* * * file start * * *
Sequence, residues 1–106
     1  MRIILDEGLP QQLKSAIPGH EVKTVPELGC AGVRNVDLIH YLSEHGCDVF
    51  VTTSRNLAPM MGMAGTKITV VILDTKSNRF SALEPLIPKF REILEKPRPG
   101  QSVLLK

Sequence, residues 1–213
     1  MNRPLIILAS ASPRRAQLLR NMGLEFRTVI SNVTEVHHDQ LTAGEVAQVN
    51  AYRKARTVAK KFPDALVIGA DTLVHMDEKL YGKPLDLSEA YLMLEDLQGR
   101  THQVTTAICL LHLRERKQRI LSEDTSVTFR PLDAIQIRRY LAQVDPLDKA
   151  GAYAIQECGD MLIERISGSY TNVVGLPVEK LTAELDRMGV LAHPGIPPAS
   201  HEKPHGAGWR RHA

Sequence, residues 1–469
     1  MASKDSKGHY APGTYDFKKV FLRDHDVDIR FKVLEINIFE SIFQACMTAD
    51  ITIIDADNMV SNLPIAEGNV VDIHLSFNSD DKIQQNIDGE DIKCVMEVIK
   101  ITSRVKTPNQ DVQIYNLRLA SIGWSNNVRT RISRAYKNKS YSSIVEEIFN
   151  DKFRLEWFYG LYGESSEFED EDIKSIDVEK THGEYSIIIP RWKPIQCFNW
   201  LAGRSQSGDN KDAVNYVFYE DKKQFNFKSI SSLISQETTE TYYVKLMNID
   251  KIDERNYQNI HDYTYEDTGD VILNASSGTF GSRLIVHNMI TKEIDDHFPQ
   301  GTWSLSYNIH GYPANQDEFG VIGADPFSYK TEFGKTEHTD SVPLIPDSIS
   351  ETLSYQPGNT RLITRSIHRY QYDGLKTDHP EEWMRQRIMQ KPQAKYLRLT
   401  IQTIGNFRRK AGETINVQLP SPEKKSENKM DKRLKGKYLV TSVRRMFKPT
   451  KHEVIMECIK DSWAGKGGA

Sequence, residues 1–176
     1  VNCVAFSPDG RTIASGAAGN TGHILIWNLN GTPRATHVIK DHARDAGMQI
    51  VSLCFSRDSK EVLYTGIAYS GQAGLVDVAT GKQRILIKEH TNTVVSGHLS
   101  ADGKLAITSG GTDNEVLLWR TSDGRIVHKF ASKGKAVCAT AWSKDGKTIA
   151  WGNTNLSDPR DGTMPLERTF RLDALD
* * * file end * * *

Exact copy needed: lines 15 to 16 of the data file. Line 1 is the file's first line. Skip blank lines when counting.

   151  DKFRLEWFYG LYGESSEFED EDIKSIDVEK THGEYSIIIP RWKPIQCFNW
   201  LAGRSQSGDN KDAVNYVFYE DKKQFNFKSI SSLISQETTE TYYVKLMNID